One of the most important painters of his generation, Sean Scully re-imagines the history of abstraction as an art rooted in experience, one that seeks to purify how we encounter the world.
Sean Scully is known for rich, painterly abstractions in which stripes or blocks of layered color are a prevailing motif. The delineated geometry of his work provides structure for an expressive, physical rendering of color, light, and texture. Scully’s simplification of his compositions and use of repetitive forms—squares, rectangles, bands—echoes architectural motifs (doors, windows, walls) and in this way appeals to a universal understanding and temporal navigation of the picture plane.
However, the intimacy of Scully’s process, in which he layers and manipulates paint with varying brushstrokes and sensibilities, results in a highly sensual and tactile materiality. His colors and their interactions, often subtly harmonized, elicit profound emotional associations. Scully does not shy away from Romantic ideals and the potential for personal revelation. He strives to combine, as he has said, “intimacy with monumentality.”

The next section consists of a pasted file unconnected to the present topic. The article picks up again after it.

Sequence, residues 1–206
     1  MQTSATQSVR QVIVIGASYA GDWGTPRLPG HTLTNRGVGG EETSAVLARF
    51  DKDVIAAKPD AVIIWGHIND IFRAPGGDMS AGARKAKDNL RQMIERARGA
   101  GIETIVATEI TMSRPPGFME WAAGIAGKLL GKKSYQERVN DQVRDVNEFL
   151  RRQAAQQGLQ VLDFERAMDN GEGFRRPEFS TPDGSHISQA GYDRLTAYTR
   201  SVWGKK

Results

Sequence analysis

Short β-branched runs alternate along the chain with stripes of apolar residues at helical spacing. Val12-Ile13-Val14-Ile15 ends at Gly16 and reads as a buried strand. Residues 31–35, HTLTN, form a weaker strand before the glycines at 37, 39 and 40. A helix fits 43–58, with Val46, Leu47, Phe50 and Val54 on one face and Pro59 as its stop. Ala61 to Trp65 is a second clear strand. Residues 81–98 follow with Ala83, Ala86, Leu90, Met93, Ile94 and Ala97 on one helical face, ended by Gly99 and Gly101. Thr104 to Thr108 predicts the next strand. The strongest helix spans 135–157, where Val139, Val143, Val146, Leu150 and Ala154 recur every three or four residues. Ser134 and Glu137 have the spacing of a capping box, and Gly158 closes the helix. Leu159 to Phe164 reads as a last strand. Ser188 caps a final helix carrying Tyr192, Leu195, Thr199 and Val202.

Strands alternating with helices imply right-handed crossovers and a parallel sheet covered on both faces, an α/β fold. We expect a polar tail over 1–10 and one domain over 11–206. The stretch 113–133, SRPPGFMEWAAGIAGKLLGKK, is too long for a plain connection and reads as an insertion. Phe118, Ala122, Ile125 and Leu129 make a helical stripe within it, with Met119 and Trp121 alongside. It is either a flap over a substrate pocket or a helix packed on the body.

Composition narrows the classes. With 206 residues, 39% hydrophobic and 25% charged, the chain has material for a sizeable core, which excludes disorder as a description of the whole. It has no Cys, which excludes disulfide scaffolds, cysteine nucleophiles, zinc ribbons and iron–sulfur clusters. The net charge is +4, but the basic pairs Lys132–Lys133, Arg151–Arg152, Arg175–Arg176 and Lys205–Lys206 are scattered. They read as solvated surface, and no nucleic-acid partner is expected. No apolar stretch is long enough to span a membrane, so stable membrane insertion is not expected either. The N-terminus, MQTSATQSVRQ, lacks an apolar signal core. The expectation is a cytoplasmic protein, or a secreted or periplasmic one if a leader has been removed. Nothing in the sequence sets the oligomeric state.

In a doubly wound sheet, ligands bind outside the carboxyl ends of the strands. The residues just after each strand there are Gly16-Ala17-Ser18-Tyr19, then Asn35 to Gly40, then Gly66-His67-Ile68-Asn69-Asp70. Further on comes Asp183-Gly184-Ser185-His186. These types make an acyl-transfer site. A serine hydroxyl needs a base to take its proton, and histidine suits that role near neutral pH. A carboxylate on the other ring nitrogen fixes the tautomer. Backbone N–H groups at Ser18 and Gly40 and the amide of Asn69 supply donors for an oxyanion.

Sean Scully’s work is in the permanent collections of numerous important institutions including the Hirshhorn Museum and Sculpture Garden, Washington, D.C.; The Metropolitan Museum of Art, New York; the Museum of Modern Art, New York; The National Gallery of Art, Washington, D.C.; Solomon R. Guggenheim Museum, New York; Walker Art Center, Minneapolis; Whitney Museum of American Art, New York; Art Gallery of Ontario, Canada; Tate Modern, London; Irish Museum of Modern Art, Dublin; De Pont Museum of Contemporary Art, Tilburg; Kunstsammlung Nordrhein-Westfalen, Düsseldorf; Museo Nacional Centro de Arte Reina Sofia, Madrid; Albertina, Vienna; and Guangdong Museum of Art, Guangzhou, China, among many others.